Learn Understanding Storage: let, const, @state, @param

Getting Started

Welcome to RNBO


RNBO Basics

Key Differences

Why We Made RNBO


Audio IO

Messages to rnbo~

Using Parameters


Messages and Ports

Polyphony and Voice Control

Audio Files in RNBO

Using Buffers

Export Targets

Export Targets Overview

Max External Target
Raspberry Pi Target
The Web Export Target
The C++ Source Code Target

Code Export

Working with JavaScript
Working with C++


Getting Started with Codebox

Understanding Storage: let, const, @state, @param

Building a Note Controller with Codebox

Special Topics

Sample Accurate Patching
Scala and Custom Tuning

RNBO and Max for Live

RNBO Raspberry Pi OSCQuery Runner

Raspberry Pi Debug Interface


Raspberry Pi GPIO

Updating the RNBO Package

Understanding Storage in Codebox

Diving a bit deeper into state and scope in codebox. Especially useful for people relatively new to programming.

The codebox and codebox~ objects provide four different ways to declare a variable, with let, const, @state, and @param. If you're relatively new to programming in a text-based language, it might be useful to talk about each of these in turn, to help understand why each one is used.


The const keyword is useful for defining some value that won't change during the lifetime of your codebox. For example, you might be doing some pitch calculations relative to A440, in which case you could have a const declaration like:

const REFERENCE_PITCH = 440;

This is handy because now anywhere in your code that you want to refer to this value, you can use the name REFERENCE_PITCH rather than the literal value 440. Later, if you decide you want to use a different reference pitch, you can just change this value in one place. Variables declared with const are hoisted, meaning you can use them before they are declared.


They're also block-scoped, which means that if you declare a const inside of a function or a block, the new definition will override the definition from the containing scope.



The let keyword defines a mutable variable, which means you can change the value of the variable after assigning it. Often you'll want to use let for a working variable, where in the context of executing a function it's useful to hold on to some computed value.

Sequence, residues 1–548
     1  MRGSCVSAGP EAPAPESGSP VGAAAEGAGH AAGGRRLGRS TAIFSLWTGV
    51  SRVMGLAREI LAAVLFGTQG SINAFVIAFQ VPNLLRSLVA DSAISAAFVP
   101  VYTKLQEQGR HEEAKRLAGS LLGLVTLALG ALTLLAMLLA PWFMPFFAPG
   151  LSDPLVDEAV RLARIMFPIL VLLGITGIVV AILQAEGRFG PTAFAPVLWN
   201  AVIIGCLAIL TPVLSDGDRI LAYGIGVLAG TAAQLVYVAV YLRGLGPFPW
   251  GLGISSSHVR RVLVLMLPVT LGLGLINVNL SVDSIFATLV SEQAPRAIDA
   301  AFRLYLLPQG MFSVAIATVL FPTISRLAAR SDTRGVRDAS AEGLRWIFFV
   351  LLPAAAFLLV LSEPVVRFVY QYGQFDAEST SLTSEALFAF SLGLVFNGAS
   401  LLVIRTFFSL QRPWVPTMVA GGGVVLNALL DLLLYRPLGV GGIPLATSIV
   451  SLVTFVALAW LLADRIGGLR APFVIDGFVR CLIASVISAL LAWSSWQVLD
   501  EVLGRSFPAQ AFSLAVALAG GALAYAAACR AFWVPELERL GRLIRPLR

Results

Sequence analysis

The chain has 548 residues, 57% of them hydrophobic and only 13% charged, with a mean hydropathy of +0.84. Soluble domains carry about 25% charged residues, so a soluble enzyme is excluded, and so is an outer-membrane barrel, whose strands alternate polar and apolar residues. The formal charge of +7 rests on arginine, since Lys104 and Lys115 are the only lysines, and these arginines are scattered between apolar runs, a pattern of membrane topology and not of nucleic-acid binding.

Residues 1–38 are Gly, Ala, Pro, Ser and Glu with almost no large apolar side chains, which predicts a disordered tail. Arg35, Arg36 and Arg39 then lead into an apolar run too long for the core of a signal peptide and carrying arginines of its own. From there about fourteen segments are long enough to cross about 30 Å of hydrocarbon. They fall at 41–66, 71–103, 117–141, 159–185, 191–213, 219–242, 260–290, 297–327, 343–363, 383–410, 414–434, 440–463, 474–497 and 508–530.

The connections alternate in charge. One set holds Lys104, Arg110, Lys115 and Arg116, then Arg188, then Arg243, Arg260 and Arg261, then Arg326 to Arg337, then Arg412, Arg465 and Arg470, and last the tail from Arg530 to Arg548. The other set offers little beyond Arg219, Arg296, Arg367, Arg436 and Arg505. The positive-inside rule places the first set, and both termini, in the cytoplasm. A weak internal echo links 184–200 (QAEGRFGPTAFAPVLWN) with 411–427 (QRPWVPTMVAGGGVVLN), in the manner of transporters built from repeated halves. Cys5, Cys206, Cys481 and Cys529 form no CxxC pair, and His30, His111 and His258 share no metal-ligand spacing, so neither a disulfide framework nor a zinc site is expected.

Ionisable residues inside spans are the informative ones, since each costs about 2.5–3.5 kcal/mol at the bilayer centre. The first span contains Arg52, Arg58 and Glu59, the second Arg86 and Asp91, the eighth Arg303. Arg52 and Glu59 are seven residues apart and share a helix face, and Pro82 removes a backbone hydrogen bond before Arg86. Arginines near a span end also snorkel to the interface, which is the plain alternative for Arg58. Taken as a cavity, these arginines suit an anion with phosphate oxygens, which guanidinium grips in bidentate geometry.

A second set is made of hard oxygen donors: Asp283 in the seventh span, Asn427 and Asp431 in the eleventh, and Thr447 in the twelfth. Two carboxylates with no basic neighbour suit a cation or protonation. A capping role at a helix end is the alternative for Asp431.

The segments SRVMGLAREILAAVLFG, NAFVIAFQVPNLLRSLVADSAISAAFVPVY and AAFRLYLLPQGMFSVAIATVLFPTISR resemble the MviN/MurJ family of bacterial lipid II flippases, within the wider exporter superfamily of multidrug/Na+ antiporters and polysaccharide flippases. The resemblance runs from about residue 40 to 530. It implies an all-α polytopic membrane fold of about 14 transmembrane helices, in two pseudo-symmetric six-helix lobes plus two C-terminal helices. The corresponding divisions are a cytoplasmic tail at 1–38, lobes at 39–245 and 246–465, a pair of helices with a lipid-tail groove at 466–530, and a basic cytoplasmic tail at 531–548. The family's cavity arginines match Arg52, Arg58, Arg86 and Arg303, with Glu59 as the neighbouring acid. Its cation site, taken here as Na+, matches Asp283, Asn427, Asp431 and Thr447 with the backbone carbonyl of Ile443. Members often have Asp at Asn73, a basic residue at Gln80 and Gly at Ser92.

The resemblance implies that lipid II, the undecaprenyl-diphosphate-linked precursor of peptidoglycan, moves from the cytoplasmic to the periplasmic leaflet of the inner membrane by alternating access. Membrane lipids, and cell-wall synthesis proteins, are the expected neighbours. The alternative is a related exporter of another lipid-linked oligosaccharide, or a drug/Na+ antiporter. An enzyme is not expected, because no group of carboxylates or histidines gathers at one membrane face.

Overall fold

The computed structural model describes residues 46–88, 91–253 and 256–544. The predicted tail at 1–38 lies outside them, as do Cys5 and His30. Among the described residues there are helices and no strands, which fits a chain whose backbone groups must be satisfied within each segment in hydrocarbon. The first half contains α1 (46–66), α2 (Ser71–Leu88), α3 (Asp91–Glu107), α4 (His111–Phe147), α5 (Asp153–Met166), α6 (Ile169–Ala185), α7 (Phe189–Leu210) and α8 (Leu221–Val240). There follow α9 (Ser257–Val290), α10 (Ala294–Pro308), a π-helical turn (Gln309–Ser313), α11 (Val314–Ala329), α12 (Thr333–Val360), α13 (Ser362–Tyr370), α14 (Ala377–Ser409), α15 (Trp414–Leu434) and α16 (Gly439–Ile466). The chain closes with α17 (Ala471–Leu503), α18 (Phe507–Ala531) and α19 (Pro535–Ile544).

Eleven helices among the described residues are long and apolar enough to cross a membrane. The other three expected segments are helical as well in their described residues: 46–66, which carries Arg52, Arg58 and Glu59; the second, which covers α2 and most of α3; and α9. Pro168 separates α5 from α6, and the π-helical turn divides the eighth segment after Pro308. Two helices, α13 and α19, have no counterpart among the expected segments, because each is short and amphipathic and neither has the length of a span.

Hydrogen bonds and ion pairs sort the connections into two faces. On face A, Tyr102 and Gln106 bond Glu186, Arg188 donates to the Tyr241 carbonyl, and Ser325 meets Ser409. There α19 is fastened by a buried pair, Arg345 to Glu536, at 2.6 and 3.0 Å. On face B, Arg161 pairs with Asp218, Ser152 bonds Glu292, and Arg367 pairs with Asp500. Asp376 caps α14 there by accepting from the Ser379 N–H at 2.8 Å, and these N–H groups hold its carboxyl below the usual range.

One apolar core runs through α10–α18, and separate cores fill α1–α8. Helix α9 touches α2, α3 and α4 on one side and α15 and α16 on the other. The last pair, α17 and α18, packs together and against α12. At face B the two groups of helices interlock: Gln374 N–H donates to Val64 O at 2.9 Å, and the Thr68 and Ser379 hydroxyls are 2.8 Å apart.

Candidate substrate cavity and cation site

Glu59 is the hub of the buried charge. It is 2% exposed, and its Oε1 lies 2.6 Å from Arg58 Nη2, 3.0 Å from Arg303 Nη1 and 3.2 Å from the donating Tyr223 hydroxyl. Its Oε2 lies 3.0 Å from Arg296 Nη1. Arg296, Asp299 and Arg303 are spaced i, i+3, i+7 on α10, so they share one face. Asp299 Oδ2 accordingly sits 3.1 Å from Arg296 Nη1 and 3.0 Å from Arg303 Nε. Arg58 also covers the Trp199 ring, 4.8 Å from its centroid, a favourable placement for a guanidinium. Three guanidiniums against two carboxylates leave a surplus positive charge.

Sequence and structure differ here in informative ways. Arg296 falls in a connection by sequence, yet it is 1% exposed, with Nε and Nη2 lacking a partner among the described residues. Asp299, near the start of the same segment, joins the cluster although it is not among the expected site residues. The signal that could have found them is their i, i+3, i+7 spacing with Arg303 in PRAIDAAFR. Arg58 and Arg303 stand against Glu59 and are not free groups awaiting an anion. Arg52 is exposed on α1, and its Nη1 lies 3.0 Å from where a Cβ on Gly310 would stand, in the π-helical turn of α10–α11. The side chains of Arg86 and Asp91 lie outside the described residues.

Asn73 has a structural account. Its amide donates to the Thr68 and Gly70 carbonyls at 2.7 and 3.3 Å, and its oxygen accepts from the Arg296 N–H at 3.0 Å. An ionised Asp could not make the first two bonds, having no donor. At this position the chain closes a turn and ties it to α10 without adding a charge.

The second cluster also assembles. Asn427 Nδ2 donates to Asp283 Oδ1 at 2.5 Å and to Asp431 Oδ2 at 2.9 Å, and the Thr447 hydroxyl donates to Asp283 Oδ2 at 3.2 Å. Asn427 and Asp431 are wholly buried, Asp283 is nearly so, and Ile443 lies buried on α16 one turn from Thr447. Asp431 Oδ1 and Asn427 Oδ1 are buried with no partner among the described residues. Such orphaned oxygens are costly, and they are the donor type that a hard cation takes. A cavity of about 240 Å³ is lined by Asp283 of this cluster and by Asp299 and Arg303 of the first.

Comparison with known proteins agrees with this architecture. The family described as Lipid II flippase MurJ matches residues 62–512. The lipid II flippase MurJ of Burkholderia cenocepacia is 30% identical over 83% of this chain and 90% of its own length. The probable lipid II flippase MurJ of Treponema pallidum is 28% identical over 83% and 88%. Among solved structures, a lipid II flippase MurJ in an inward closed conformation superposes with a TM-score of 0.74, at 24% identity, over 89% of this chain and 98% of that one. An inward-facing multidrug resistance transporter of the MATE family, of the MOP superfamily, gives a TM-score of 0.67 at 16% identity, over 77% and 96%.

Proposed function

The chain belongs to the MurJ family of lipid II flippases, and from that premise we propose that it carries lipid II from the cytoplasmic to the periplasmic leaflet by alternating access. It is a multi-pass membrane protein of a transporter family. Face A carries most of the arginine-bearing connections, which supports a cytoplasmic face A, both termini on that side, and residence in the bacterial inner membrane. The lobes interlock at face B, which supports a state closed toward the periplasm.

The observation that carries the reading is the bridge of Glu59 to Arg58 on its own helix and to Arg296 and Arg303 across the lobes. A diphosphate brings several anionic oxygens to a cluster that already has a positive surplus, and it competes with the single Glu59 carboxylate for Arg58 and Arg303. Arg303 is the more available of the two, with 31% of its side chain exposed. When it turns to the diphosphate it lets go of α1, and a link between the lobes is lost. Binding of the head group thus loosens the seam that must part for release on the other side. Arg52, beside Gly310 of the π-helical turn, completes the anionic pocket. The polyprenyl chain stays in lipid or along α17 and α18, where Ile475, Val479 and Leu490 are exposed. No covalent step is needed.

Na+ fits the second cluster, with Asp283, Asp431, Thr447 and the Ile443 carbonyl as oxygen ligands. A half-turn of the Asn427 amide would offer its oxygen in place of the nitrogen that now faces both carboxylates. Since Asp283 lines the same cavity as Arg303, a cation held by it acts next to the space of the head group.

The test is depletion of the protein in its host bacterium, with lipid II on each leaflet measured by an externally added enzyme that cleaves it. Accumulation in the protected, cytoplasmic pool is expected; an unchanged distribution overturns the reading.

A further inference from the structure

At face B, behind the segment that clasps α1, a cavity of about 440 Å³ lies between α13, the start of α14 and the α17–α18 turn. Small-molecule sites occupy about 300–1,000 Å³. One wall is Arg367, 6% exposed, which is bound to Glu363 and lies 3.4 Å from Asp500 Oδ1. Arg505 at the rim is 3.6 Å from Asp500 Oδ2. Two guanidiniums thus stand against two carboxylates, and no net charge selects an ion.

function calculateShapeProperties(width, height) {
    let perimeter = 2 * (width + height);
    let area = width * height;
    return [ perimeter, area ];

Very often, you'll also see let used to declare a loop variable, especially when working with for loops.

let outputCount = in1;
for (let i = 0; i < outputCount; i++) {
    out1 = 1;

There are two important things to keep in mind with let. First is that since let is for working variables, these value's aren't hoisted like const variables are. This will throw an error, since the variable MY_CONST isn't defined inside the function call.


The other important thing to keep in mind with let is that it's only for temporary, working variables. You couldn't use let to implement a counter, for example, because the value will be reset with every call to the main body of codebox. You can think of the main body of codebox, outside of any user-defined functions, as being one big function. This function gets called whenever codebox receives a number or list at its first inlet, and once per audio sample block for codebox~. Any let variables that you use in the top level of your codebox object are local to that function. In other words, this will always print 1, no matter how many times you bang it.


For state that persists between calls to codebox, you should use the @state decorator.


Use the @state decorator when you want to have a variable that stores values across repeated calls to codebox or codebox~. This is exactly the kind of variable that you would use to implement a counter.


Unlike let and const, it really only makes sense to use @state at the top level of a codebox, since anything put into a @state variable will be available anywhere in the codebox object. Using @state in a user-defined function will throw an error.


Last but not least, there's @param. This decorator is basically the same as @state, except it has some extra structure. First, you can set the value of @param using a set object.


Next, a variable declared with @param can have a minimum and a maximum.


This can be really useful to declare a @state like variable that you can reset whenever you want.